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Ethical married dating

Would it be more accurate to call it a sequential or serial relationship? If one believes that our patients grow mature and sometimes surpass us in knowledge, wisdom, and power, then it is a significant difference.However, if one truly believes “once a client, always a client” and that clients are always dependent on us, then “former clients” would mean a distinction without a difference.Would or should an ethics committee have the authority to interfere with a marriage or union among consenting adults?What about our belief in the right to free association? Stephen Behnke, APA Ethics Director (2006), says otherwise.Dual or Sequential Relationship When a therapist and client enter into a relationship that is outside of or in addition to the therapeutic relationship, it is generally referred to as a dual relationship.Dual relationships are discouraged by most professional organizations.This includes sexual relations with clients, as well as any situation in which we exert undue influence over a client for our own benefit.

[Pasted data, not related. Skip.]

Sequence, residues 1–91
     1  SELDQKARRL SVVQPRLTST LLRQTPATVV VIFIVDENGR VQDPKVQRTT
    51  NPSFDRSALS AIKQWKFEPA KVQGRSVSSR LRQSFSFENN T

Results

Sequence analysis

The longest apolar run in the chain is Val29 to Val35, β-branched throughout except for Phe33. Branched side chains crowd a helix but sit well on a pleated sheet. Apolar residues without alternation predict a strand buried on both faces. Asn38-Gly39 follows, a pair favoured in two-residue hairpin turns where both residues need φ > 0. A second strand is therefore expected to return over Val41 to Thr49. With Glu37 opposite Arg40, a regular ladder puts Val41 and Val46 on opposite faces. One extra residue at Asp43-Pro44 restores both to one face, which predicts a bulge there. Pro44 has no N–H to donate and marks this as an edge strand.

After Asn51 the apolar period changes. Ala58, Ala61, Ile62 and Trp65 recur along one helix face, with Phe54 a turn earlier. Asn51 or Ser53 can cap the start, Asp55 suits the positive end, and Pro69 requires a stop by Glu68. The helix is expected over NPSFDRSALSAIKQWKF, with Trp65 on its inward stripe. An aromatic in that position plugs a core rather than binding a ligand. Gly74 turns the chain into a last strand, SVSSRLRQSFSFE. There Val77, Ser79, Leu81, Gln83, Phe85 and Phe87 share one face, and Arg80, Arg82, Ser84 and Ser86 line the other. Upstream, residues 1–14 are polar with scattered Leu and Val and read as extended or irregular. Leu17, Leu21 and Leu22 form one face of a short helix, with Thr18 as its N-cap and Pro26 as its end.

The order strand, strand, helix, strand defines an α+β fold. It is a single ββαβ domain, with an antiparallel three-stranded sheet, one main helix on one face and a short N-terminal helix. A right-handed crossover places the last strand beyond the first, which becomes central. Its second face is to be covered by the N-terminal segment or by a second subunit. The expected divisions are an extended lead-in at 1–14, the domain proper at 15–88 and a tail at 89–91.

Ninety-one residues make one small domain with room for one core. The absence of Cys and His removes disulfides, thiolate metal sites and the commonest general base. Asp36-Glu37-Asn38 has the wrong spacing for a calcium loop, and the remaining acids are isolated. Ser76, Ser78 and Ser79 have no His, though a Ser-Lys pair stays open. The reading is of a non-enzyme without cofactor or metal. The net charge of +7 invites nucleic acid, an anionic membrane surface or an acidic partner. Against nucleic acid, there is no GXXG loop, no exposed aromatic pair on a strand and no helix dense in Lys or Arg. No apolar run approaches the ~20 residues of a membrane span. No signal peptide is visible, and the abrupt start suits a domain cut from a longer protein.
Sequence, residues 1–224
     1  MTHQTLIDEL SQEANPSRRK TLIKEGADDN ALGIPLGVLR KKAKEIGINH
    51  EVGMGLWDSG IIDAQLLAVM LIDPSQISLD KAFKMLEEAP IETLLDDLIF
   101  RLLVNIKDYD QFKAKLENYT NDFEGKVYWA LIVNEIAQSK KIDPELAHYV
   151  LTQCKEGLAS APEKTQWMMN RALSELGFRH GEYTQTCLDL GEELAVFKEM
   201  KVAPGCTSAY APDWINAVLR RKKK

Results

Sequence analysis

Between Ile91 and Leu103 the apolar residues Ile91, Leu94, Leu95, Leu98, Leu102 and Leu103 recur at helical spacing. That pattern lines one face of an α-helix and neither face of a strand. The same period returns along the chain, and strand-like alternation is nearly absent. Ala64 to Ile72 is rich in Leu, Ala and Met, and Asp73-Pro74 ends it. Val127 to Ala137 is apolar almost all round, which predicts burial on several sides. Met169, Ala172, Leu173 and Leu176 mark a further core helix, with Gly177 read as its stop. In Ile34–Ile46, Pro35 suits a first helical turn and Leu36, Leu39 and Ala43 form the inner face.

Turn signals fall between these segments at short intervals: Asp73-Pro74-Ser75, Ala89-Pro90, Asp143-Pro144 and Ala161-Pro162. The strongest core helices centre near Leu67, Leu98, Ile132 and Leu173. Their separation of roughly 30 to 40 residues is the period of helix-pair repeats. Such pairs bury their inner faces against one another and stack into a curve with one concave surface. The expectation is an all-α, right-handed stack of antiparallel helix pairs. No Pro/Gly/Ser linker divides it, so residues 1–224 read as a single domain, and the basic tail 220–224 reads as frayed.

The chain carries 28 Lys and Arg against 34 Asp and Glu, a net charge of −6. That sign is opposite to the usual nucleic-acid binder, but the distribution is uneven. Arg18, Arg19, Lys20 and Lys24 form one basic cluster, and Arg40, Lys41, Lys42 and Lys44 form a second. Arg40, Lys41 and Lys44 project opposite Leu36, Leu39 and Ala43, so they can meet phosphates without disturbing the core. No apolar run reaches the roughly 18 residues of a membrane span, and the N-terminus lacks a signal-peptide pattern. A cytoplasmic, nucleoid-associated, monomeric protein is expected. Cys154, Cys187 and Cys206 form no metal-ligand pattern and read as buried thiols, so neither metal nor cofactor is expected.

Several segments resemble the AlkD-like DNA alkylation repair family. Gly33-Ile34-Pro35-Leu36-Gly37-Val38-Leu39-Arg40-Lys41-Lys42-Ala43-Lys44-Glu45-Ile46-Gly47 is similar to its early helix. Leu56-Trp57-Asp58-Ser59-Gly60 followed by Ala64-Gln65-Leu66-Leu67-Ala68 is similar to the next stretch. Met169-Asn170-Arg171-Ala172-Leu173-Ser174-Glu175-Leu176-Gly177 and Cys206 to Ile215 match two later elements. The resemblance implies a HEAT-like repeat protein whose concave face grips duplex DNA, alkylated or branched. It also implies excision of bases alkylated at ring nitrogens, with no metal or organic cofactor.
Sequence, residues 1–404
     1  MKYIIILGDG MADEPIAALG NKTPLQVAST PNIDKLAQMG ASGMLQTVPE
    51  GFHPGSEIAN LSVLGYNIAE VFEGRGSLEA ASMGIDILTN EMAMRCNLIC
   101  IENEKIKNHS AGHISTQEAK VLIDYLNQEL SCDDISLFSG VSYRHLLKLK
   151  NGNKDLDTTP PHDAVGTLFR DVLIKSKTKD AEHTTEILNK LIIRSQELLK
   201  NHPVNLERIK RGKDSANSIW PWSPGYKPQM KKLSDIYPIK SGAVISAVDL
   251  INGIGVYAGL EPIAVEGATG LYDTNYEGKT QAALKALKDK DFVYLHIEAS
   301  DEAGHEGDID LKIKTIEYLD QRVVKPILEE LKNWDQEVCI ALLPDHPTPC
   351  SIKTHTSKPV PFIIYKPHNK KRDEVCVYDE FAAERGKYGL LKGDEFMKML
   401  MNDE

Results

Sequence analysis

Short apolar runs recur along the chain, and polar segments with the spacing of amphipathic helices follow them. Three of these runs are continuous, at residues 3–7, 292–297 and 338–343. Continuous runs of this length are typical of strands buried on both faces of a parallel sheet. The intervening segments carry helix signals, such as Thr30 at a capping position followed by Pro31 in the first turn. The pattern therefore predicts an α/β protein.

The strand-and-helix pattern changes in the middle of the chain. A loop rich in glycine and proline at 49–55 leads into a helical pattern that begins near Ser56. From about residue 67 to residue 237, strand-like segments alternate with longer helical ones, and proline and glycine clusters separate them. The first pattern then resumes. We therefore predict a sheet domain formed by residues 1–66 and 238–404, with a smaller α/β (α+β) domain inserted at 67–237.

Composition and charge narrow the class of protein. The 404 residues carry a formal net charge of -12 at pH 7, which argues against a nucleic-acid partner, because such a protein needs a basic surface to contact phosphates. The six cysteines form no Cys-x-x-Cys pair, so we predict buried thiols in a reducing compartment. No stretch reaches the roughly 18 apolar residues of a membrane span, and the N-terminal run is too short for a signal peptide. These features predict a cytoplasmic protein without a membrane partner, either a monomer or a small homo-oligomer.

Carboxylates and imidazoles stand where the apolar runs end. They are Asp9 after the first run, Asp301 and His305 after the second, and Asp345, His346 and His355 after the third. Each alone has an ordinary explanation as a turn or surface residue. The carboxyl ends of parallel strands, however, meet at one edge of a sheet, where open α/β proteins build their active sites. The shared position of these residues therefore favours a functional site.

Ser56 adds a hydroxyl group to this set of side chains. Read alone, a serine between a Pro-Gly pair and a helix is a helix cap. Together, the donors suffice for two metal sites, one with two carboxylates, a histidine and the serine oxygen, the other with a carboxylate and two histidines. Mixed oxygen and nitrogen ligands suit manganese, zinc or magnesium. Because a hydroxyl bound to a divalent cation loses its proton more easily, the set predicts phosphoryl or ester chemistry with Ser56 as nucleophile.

If, in fact, “once a client, always a client,” then we would run into some interesting situations that create ethical dilemmas with no easy solutions.Rather, Behnke says, it is because we have a fiduciary relationship that is compromised and creates additional risks that are not a necessary part of the therapeutic relationship, making psychotherapy impossible.But fiduciary relationships are not static and change with time and circumstances.Our clients are often free to join many, if not most, of the organizations where we are members. If it is an issue of power, who is in the position of power?Is power in any relationship always static, or is it variable and subject to change based on the circumstances?Of course, of all the dual or sequential relationships that are potentially possible with patients and former patients, when the issue of sex comes up, most all therapists of all disciplines react forcefully.Having sex with a current patient or even a recently discharged patient is not only unethical—it is illegal.You find out a former client has also announced his or her candidacy. You discover that you need someone with those highly specialized qualifications.Do you campaign against your former client, or withdraw because it would be a conflict? If the client is still a client even after all those years of no contact, is that a conflict of interest and a prohibited dual relationship?Nonetheless, it leaves open the possibility, as rare as it may be, and does not claim that “once a client, always a client.” In most all states, laws prohibiting sex with clients are limited to current or recent clients. However, assuming the former client does not file any complaint, how enforceable would such laws be?For example, what if the former therapist and patient got married, were in a committed relationship, and had children?


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